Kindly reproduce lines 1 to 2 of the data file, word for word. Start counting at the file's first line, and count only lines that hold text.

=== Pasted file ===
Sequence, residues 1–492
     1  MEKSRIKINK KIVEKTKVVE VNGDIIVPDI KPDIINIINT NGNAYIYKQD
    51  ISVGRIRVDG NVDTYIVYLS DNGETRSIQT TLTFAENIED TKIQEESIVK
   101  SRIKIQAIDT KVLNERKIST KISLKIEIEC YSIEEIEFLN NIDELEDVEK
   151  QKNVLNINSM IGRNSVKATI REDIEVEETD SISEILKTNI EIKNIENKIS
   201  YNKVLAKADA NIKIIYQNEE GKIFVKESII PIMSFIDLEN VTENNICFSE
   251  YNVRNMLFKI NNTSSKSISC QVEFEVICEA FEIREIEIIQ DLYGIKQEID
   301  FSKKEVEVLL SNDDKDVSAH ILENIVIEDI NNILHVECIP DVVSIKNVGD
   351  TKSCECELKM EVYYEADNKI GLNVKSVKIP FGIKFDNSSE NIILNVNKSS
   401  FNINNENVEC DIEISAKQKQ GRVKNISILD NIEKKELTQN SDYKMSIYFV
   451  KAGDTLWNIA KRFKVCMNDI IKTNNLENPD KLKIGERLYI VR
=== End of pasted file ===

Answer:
Sequence, residues 1–492
     1  MEKSRIKINK KIVEKTKVVE VNGDIIVPDI KPDIINIINT NGNAYIYKQD